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Archive for August 3rd, 2011

SQL Server service does not start after enabling SSL encryption

Posted by Sudarshan Narasimhan on August 3, 2011

I recently had a customer who came up to me with a SQL Service start-up issue. This issue started after they had enabled SSL encryption using a personal certificate. Now, before I begin let me confirm a couple of things :-

  1. The correct SSL certificate has been chosen in SQL Configuration Manager.
  2. The ForceEncryption flag is set to Yes.

There are some forum posts on this issue and I don’t entirely agree with the solutions proposed there, because they did not actually solve the real problem but worked around it without understanding how/why the problem occurred, and how to get a complete solution.

I am going to be bold and say this; please do not follow the above posts since they are workarounds. Most people in enterprise environments cannot run SQL Service under the Local System account, which is what the above posts are asking you do to, yikes!!!

As always, the first place to check when a SQL Service does not start is the SQL ERRORLOG (yes, ERRORLOG and NOT the EVENTLOGS – I said 1st place).

For a complete step-by-step guide to approach SQL Service start-up issues, you can read the blog post I wrote on MSDN SQL Server FAQ –>

Here is what I found in the ERRORLOG,

2011-06-08 12:35:30.56 Server Unable to load user-specified certificate [Cert Hash(sha1) “XXXXXXXXXXXXXXXXXXXXXXXXXXXXXXXXXXXXXXXX“]. The server will not accept a connection. You should verify that the certificate is correctly installed. See “Configuring Certificate for Use by SSL” in Books Online.

2011-06-08 12:35:30.59 Server Error: 17182, Severity: 16, State: 1.
2010-06-08 12:35:30.59 Server TDSSNIClient initialization failed with error 0x80092004, status code 0x80. Reason: Unable to initialize SSL support. Cannot find object or property.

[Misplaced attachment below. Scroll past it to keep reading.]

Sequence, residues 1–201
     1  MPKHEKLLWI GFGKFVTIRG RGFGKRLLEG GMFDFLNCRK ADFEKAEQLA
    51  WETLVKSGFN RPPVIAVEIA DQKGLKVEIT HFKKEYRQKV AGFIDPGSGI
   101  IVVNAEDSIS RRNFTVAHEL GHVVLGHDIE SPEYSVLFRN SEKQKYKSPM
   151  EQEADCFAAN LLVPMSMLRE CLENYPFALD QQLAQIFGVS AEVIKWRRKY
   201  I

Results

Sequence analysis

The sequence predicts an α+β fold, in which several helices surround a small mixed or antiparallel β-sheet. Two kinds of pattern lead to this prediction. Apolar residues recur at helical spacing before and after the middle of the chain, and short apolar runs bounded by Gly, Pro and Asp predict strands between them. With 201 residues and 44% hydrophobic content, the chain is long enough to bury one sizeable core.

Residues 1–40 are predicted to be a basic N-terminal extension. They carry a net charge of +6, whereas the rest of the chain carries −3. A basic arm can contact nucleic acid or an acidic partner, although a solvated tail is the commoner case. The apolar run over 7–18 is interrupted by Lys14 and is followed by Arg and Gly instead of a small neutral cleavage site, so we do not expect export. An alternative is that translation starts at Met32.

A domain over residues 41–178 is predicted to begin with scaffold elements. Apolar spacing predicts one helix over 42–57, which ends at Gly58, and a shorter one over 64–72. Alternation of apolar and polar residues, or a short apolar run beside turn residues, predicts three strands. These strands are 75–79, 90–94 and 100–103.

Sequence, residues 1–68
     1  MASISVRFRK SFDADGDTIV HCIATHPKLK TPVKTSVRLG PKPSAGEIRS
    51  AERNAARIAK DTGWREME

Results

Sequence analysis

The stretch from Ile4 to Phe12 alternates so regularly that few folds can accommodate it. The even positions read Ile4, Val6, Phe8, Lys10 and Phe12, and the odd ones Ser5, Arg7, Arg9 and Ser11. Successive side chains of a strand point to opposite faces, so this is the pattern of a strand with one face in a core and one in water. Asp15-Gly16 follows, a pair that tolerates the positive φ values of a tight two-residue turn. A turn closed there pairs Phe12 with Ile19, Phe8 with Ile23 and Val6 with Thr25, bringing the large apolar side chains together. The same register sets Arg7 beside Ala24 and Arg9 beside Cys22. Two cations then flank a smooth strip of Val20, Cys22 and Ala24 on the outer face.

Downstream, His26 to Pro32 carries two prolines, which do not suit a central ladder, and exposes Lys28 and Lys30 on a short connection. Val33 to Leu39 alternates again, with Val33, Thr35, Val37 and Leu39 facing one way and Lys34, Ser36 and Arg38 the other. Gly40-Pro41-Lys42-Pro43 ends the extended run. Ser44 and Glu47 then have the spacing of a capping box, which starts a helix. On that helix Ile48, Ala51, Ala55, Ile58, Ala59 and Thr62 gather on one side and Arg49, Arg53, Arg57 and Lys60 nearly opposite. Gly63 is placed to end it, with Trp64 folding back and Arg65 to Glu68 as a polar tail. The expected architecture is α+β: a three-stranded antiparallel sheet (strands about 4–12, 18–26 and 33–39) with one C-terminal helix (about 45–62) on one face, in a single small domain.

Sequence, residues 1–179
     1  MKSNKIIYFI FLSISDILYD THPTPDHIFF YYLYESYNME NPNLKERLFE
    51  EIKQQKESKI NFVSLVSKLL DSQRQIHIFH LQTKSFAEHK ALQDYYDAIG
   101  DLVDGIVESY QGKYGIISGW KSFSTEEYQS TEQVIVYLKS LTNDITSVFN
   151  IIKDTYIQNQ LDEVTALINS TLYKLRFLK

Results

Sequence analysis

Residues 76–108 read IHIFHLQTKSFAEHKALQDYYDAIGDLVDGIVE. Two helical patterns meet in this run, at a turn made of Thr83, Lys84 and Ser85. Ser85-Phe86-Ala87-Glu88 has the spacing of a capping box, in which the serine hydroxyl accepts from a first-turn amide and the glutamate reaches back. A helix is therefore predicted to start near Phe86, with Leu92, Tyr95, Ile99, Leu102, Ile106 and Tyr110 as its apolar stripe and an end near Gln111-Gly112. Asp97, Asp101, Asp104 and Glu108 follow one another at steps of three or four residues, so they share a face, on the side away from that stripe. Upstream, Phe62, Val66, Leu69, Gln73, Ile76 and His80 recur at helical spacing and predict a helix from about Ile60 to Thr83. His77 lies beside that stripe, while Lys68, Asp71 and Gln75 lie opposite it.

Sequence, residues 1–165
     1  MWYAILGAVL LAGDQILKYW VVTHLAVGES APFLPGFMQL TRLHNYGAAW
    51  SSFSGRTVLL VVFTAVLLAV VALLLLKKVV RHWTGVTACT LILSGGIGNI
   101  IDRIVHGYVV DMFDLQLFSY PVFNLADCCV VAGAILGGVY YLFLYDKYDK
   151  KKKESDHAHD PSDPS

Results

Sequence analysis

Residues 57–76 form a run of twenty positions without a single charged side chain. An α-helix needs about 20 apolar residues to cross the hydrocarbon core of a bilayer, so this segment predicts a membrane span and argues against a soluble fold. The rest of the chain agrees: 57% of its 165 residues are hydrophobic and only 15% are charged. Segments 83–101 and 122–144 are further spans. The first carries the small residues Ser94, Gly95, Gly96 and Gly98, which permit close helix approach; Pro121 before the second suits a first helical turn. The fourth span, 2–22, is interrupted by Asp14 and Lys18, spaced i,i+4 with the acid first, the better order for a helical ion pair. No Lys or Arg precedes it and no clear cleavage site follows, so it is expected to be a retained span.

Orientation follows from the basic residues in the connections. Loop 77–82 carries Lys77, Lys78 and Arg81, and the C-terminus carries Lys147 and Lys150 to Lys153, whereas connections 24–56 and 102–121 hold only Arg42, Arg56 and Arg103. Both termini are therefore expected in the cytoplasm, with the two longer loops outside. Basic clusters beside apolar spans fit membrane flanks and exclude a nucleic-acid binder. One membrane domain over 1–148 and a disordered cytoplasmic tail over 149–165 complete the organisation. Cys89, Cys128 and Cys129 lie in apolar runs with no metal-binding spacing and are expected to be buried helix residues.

2011-06-08 12:35:30.62 Server Error: 17182, Severity: 16, State: 1.
2011-06-08 12:35:30.62 Server TDSSNIClient initialization failed with error 0x80092004, status code 0x1. Reason: Initialization failed with an infrastructure error. Check for previous errors. Cannot find object or property.

So, it appears the certificate chosen for SSL encryption has some issues. Here are the things I checked next:-
1. The certificate itself is valid and has not expired (using certmgr.msc).
2. The certificate hash matched that of the certificate associated with the instance but it wasn’t loading.

The certificate appears to be fine. Well, what next?

The way SQL Server loads the certificate happens through the credentials of the SQL Server service account defined for this instance. So, I started to check what the SQLSvc account was and whether it had permissions to access the certificate. At this point I cam across this forum post for a similar issue

The solution listed there was to ensure that the SQL service account had a valid user profile on the server machine. This profile can sometimes be missing if the service account was changed to a new account, which doesn’t yet have a user profile created. You can verify the user profile on any machine by going to
My Computer –> Properties –> Advanced –> Settings (under User Profiles section).


Solution #1 (as applicable)

Identify the SQL service account and log on to the server machine that is running SQL Server, with the service account. During logon, Windows will create a new user profile for the service account.

Unfortunately, this wasn’t the scenario in my case. Another thing I have to caution people is regarding service account change. When changing the SQL Svc account ALWAYS ALWAYS use the SQL Server Configuration Manager, and NEVER do it through services.msc. Here are some reasons why:-

1. Permissions & ACL’s of SQL Server registry keys are done only by SSCM
2. SQL Server User Groups are updated with the new service account only by SSCM.
3. WMI namespace permissions are only set through SSCM.

So, if you changed the service account through services.msc, it is possible that the new service account does not have permissions to access the certificate. The certificate hash is stored in the following registry key. If the new service account cannot access it, then you “can” get the error above, since SQL cannot load the certificate due to insufficient privileges.